Is a Twitter ad campaign worth opening your wallet for? Maybe, maybe not. According to Statista, Twitter has far fewer users than most other social network sites but the number of adults who use the service has grown dramatically in recent years.
There are pros and cons when it comes to using Twitter, and those will vary depending on your specific target market. The majority of Twitter users are between 25 – 44 years old, earn $70K or more a year and typically access the site via smart phones. Keep this in mind when considering how much time and effort you want to invest into your Twitter account. You won’t reach nearly the number of potential clients as you would on Facebook or through an email campaign, but a solid Twitter presence can be a good way to supplement your business.
5 Simple Things to Enhance Your Workshop Presentation
Agents and advisors still rely on workshops or seminars for their marketing efforts for one reason: they can work. However, if you find yourself getting a lackluster response during and after your workshops, consider these tips.
Pepper In Jokes (Judiciously)
Humor can be tricky when dealing with a wide audience. What’s funny to you may not be funny to others; in fact, it could be off-putting. However, a handful of safe— even corny—jokes, can liven up a dry presentation.
While a seminar is your chance to present information—in your style and voice—
an hour of one person talking will fatigue most people, even if the information is relevant. Keep your attendees active and engaged by lobbing out questions throughout your presentation. This can be in anticipation of the next slide’s information, as a pause between sections, or a check for knowledge.
Use A Co-Presenter
Not only can a co-presenter shoulder some of the work, it gives the audience another personality to latch on to. Definitely be clear on hierarchy—if you’re the principal presenter, do the work of a principal presenter. This co-presenter can also serve as a floater; eyes and ears throughout your presentation space. This can help corral attention forward.
When organizing a workshop, many advisors will offer a raffle at the end of the session. This can be good to keep butts in a seat for an hour, but it doesn’t necessarily keep them engaged. Instead, offer two or three raffles throughout the presentation. This helps to build momentum for your session and serves as a way to break up your information.
Use A Variety of Media
Ah, the old trusty PowerPoint—a reliable way to present information to a large group of people. Most PowerPoints stick to a steady rhythm of bullet points, blocks of text, and maybe a few charts or images. You can enhance your seminar by using different media, whether it’s more illustrative charts and graphs, relevant videos clips, or easel pad/whiteboard drawing. The more you can mix things together, the more live you can make things, the more your audience will feel engaged.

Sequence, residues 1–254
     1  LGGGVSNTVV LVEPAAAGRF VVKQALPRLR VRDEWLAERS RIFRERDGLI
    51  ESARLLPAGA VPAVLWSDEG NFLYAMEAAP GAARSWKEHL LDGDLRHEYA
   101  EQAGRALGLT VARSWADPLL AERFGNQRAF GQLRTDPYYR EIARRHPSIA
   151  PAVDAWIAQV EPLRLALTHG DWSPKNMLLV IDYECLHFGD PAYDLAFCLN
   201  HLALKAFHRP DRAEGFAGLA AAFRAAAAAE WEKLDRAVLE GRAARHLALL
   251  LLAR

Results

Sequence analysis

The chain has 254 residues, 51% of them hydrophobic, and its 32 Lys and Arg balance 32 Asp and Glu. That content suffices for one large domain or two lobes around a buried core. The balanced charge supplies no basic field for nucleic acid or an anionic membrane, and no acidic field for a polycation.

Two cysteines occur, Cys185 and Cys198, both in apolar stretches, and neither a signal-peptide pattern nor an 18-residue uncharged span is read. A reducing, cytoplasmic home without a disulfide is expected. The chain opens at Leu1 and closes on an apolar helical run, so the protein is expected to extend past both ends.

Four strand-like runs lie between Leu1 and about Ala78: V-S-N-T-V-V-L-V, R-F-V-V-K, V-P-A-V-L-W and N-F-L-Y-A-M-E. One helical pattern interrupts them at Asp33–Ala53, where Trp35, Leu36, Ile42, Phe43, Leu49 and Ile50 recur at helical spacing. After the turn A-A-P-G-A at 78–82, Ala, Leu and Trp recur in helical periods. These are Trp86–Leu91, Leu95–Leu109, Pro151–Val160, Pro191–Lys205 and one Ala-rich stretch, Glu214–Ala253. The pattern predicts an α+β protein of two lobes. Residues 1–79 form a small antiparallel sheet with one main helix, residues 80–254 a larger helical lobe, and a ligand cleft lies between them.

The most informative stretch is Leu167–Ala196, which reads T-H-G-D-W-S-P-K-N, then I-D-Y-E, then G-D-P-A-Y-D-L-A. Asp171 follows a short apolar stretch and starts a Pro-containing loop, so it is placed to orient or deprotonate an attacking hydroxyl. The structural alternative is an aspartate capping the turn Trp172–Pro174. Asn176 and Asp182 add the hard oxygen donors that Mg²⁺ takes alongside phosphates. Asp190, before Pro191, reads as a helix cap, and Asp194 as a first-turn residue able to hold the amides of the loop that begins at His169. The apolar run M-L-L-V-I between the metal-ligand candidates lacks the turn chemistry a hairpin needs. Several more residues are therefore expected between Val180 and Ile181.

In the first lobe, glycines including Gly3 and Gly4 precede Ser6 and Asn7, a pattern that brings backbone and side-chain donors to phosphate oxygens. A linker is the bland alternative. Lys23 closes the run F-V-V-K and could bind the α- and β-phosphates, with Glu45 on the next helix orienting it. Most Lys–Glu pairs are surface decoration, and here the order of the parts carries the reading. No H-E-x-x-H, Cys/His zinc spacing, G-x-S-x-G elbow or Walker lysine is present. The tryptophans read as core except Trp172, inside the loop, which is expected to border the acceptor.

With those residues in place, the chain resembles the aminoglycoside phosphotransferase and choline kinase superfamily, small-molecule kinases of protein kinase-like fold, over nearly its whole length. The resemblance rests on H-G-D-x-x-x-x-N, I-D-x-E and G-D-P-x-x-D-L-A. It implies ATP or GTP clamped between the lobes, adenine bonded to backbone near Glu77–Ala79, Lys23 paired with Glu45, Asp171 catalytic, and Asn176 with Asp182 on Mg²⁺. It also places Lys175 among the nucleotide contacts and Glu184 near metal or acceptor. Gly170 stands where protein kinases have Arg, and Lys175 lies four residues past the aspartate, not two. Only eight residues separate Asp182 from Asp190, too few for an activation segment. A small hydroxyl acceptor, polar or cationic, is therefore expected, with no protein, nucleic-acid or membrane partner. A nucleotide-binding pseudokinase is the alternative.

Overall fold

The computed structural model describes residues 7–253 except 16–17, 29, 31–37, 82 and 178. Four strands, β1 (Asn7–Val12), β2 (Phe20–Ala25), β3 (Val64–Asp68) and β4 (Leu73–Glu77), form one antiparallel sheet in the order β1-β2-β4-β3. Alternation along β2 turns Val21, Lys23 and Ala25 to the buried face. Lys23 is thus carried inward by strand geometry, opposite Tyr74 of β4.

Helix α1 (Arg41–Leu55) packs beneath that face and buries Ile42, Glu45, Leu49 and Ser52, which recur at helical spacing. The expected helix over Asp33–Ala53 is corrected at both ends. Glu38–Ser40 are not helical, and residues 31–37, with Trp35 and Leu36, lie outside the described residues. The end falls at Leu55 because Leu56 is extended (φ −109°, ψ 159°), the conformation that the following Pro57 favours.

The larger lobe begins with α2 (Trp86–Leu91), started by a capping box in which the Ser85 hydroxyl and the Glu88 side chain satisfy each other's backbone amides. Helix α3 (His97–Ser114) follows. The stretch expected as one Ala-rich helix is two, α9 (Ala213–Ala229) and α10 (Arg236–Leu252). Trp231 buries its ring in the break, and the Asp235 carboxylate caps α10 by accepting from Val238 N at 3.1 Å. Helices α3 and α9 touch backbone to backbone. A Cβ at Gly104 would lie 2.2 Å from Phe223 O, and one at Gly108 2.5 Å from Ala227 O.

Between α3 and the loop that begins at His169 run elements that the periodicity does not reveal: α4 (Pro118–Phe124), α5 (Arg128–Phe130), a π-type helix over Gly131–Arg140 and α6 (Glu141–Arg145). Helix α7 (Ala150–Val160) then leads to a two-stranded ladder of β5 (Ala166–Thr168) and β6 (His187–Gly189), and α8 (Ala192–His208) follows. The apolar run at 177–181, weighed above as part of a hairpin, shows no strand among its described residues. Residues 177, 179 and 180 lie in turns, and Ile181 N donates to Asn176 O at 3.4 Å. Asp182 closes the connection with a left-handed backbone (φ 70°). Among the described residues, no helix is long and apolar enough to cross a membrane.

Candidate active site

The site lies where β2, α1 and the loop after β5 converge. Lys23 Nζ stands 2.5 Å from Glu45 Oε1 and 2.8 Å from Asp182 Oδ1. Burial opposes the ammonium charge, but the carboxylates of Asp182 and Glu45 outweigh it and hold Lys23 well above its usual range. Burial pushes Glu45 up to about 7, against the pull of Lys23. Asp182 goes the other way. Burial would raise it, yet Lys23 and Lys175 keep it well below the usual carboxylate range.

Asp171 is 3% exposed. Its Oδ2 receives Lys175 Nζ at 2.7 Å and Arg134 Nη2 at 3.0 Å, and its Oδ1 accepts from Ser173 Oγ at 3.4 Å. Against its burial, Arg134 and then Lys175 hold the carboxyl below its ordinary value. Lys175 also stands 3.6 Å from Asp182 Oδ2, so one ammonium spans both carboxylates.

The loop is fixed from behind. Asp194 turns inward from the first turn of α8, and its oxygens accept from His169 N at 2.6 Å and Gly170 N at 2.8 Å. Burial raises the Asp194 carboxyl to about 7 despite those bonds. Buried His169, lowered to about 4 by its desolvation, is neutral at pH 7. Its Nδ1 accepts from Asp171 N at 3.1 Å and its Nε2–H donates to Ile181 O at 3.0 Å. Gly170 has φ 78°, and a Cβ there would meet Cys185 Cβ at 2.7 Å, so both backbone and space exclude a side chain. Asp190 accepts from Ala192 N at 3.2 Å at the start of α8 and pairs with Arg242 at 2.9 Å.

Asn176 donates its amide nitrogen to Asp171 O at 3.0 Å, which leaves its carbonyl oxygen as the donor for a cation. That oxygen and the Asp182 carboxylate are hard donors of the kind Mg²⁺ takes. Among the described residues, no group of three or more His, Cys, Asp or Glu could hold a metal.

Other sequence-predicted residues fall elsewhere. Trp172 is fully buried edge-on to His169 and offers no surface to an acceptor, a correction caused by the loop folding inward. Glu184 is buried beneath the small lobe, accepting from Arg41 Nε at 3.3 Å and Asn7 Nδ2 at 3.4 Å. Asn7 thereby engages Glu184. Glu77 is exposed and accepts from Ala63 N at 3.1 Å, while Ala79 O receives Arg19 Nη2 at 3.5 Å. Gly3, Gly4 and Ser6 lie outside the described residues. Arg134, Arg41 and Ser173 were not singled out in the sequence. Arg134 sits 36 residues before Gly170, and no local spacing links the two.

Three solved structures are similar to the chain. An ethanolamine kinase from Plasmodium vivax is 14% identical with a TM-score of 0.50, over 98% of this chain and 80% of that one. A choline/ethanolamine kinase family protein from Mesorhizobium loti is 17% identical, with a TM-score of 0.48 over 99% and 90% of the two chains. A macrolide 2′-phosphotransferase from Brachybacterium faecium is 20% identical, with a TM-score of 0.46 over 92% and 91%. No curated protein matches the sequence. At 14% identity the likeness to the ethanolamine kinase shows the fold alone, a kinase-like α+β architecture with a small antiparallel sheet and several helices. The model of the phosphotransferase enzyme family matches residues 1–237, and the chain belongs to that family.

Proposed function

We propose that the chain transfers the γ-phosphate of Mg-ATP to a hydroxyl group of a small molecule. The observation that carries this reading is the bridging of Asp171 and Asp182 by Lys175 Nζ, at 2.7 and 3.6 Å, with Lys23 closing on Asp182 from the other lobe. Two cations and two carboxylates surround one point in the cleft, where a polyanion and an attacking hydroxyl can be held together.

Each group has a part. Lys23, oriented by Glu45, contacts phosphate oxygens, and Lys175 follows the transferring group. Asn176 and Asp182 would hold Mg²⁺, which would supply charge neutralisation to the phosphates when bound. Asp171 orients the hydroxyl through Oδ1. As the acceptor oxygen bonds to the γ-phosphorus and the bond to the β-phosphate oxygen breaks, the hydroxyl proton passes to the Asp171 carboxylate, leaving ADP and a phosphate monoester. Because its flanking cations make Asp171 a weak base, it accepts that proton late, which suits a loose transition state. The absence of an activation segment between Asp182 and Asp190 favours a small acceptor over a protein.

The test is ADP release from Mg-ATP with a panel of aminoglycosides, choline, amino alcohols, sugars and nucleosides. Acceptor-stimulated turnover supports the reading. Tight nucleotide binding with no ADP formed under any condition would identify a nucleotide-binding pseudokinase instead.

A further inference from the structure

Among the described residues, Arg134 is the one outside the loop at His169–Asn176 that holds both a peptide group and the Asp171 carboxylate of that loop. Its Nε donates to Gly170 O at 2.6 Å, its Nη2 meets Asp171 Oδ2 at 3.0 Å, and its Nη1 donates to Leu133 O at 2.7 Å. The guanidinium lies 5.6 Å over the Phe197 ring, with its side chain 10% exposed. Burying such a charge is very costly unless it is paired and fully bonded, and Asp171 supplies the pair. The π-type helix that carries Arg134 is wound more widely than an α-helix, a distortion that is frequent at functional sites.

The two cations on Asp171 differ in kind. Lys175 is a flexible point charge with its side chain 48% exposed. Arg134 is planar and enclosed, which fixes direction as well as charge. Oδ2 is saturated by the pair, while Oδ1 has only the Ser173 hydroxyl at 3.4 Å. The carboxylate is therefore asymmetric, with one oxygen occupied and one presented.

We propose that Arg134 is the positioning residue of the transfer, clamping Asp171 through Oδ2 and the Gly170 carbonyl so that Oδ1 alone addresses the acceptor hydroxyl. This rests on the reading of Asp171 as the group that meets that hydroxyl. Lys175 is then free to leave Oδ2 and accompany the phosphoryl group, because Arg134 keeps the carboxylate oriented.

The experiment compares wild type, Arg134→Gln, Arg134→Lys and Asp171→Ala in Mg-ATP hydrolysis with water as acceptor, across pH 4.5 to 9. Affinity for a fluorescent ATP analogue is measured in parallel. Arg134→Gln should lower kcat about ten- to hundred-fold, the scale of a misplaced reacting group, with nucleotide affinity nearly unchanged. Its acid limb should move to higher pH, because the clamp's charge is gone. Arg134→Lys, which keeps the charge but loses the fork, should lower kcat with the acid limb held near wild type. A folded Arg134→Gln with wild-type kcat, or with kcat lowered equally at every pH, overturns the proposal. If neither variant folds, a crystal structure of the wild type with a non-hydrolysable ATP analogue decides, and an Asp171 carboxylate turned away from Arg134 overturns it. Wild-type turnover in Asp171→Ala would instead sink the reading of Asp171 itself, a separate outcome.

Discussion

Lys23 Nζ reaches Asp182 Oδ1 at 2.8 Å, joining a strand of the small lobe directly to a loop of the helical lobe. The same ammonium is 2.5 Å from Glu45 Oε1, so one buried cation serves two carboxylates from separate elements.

Marketing Corner – Thursday, January 11th, 2018
It is finally 2018. The previous year was full of activity, significant changes to the tax code, and a lot of news. What will happen this year? Here are three things that could impact the financial landscape of your clients and prospects in 2018.
The GOP-led effort to change the federal tax code passed, and as of December 22, 2017, became law. Obviously, with something as large and cumbersome as our tax code, there are many different ways the changes could impact consumers, depending on their specific situations.
- While President Trump’s tax plan originally proposed four income brackets, the new law keeps seven, with adjusted income ranges. Most have been lowered.
- Current brackets: 10%, 15%, 25%, 28%, 33%, 35%, 39.6%
New brackets: 10%, 12%, 22%, 24%, 32%, 35%, 37%
- The law also gets rid of the personal exemption for years 2018 through 2025, but increases the standard deduction to $12,000 single/$24,000 joint.
- Alternative Minimum Tax (AMT) exemptions have increased to $70,300 single/$109,400 joint. The AMT has been eliminated completely for companies.
- The new law doubles the lifetime estate tax exemptions—to $11.2 million, single/$22.4 million, joint—meaning even fewer households will face estate taxes.
- The corporate tax rate was reduced to 21% from 37%. Pass through entities may enjoy specific deductions of up to 20%.
What does this all mean? Well for one, corporations may have more money for planning and profit distribution. With the reduction of the AMT, higher middle-class earners may have more income to address pressing concerns (like say fortifying their retirement plans). While estate tax exemptions may make it more difficult to target high net worth individuals for planning opportunities, there are likely other areas that can be leveraged, such as charitable donations and more efficient wealth transfer options.